The great Dublin-born playwright and wit Oscar Wilde once said: “Everything in moderation. Including moderation”. And when it comes to weather, Ireland follows his advice. We enjoy a temperate climate with mild winters and cool summers. Usually, we get a little rain (yes, we admit it), a little sun, a nice breeze to blow the cobwebs away… But every now and then Ireland throws moderation to the winds and surprises you with moments of pure weather drama and unsurpassed beauty.
Thrilling lightning storms, rainbows that light up the sky, wind-whipped waves crashing against jagged cliffs. And then there are the quiet moments – dappled clouds in a summer sky, early-morning frost that sparkles in the sunlight and the shadows of clouds chasing across mountainsides. We’ve collected some of Ireland’s most incredible weather images here to prove our point. Enjoy!
Slane, County Meath Photo by Jonathan Bowers on Unsplash
1. Slane, County Meath
Lightning isn't all that common in Ireland but when it does strike, it can be a real "wow" moment, like this fork lightning captured during a dramatic storm in County Meath.
Blasket Islands, County Kerry ©️Shutterstock
2. Blasket Islands, County Kerry
An epic sunset. From the County Kerry mainland, the Blasket Island of Inis Tuaisceart resembles a sleeping or dead man, hence its nickname, An Fear Marbh (the dead man in Irish).
Causeway Coast, Northern Ireland
Slieve League cliffs, County Donegal
Poolbeg Lighthouse, Dublin ©️Shutterstock
Carrauntoohil, County Kerry ©️Shutterstock
6. Carrauntoohil, County Kerry
Shadows chase over the slopes of Carrauntoohil – Ireland's highest mountain is part of the MacGillycuddy Reeks range, which dominates the Iveragh Peninsula and the popular Ring of Kerry touring route.
Cobh, County Cork Photo by Mark de Jong on Unsplash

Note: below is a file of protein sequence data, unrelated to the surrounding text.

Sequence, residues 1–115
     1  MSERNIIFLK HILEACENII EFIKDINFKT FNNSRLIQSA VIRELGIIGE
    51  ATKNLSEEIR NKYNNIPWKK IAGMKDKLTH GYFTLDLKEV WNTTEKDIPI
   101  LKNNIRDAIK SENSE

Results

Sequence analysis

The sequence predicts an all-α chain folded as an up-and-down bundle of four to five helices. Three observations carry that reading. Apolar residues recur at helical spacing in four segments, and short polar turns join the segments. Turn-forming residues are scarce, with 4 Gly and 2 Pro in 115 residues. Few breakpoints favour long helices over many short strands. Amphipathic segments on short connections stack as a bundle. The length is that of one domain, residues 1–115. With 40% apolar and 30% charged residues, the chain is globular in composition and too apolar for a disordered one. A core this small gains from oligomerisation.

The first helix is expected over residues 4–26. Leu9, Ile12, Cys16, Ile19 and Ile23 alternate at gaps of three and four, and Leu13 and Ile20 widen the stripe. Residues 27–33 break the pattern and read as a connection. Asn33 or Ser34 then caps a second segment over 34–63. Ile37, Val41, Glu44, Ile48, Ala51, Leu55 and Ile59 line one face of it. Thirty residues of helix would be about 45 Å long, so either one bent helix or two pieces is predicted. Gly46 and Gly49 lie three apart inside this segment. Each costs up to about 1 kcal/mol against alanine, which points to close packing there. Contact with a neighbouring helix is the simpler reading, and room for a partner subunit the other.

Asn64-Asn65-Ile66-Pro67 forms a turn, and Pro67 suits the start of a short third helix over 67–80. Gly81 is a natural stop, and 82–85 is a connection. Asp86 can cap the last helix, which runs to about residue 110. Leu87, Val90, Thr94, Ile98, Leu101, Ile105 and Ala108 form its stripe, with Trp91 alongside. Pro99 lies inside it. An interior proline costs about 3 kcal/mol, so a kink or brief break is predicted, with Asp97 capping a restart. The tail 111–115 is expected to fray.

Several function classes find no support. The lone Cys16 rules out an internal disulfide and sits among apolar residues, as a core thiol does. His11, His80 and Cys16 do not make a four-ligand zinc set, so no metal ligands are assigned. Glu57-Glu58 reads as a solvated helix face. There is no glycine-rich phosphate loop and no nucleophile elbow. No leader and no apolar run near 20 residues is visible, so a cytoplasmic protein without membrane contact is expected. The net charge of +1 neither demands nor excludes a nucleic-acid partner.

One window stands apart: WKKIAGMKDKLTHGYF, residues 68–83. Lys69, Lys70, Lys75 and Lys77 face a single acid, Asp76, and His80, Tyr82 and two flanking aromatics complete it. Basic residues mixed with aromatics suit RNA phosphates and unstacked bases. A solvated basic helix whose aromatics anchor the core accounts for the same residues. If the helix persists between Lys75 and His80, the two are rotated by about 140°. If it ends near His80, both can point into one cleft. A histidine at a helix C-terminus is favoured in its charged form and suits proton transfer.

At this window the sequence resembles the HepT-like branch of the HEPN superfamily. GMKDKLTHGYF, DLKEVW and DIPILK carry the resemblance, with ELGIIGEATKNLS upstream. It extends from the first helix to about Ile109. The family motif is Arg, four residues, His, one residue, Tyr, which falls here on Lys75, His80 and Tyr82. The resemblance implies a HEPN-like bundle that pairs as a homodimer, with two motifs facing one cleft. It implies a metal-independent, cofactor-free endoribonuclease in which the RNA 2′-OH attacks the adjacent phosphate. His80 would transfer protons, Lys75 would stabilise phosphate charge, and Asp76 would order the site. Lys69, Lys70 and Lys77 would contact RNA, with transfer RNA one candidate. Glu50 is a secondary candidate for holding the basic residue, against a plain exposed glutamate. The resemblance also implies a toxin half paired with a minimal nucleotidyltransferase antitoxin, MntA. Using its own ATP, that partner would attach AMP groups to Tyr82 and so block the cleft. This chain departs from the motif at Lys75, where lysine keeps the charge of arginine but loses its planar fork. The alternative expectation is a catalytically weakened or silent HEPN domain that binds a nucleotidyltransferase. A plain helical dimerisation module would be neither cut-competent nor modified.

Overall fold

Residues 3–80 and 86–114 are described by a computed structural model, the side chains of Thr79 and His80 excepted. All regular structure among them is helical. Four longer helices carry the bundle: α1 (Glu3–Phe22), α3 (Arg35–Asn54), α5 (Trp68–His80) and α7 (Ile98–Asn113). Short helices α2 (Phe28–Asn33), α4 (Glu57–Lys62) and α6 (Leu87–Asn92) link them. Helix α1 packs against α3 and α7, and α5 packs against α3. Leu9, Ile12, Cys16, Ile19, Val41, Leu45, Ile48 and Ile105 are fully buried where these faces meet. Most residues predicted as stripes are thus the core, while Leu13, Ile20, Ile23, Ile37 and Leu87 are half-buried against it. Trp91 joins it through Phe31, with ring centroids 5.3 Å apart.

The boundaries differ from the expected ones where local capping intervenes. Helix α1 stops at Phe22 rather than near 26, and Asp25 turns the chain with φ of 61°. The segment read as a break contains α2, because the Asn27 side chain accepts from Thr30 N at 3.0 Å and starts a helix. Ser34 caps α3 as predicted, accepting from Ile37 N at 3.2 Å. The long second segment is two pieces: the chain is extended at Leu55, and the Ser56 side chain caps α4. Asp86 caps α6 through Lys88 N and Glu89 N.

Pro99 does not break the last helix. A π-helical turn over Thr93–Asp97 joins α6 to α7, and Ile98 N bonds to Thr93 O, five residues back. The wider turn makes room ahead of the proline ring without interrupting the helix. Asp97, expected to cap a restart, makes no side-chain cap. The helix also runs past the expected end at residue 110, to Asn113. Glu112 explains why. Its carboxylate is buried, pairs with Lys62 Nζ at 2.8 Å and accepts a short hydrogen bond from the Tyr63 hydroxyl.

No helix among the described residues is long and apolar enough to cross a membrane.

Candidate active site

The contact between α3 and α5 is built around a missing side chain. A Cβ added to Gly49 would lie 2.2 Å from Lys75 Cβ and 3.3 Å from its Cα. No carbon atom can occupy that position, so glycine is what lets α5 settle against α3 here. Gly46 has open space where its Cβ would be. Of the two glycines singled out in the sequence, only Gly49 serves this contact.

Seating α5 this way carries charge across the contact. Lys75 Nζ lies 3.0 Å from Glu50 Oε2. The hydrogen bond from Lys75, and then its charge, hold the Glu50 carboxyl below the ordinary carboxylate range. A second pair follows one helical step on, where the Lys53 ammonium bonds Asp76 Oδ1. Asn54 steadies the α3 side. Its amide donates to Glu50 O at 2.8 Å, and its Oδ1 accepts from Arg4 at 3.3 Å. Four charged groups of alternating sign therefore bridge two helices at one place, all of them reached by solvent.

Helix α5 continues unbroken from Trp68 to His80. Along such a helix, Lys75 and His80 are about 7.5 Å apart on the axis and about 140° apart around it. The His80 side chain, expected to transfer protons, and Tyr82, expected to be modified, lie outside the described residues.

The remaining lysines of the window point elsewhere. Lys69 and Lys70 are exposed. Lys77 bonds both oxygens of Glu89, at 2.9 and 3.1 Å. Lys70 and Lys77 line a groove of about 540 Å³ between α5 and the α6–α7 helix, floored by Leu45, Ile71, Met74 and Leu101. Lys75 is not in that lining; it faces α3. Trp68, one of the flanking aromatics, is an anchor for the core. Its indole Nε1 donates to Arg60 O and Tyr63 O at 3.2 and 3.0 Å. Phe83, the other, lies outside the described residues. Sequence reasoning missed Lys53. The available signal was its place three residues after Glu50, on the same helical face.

Rathlin Lighthouse, County Antrim
8. Rathlin Island, County Antrim
The dramatic red light of Rathlin Island's "upsidedown" lighthouse shines through the thick fog that rolls in from the North Atlantic Ocean.
Kilkee, County Clare
9. Kilkee, County Clare
They don't call it the Wild Atlantic Way for nothing. Waves crash against the cliffs at Kilkee in County Clare along Ireland's famous coastal touring route.
Mussenden Temple, County Londonderry
10. Mussenden Temple, County Londonderry
A snowy scene and an evening sky to remember on Ireland's north coast – the distinctive silhouette of Mussenden Temple overlooks Downhill Strand from its clifftop perch.
Cave Hill, Belfast
11. Cave Hill, Belfast
A walk among the clouds on Cave Hill overlooking Belfast. Its resemblance to a giant profile (the rocky outcrop at its summit is known as Napoleon's Nose) is said to have inspired author Jonathan Swift to write Gulliver's Travels.
Crom Castle, County Fermanagh
12. Crom Castle, County Fermanagh
Crom Castle in County Fermanagh looks majestic on a frosty autumn morning. The castle is the ancestral home of the Earls of Erne and its West Wing can be rented out for an exclusive luxury getaway.
Mount Errigal, County Donegal
13. Errigal, County Donegal
Sunlight hits the steep slopes of Errigal, one of the Seven Sisters mountain chain in the Derryveagh Mountains. Its dramatic outline has made it one of Ireland's most photographed mountains.
Skellig Island, County Kerry
14. Skellig Islands, County Kerry
Sun breaks through the rain clouds over the Skellig Islands in County Kerry. The larger island Skellig Michael, with its 6th century monastic settlement, is a UNESCO World Heritage site.
King John's Castle, Limerick city
15. King John's Castle, Limerick
A rainbow arcs across the sky above King John's Castle in Limerick city. This 13th century fortress sits on an island in the River Shannon at the heart of Limerick's medieval quarter.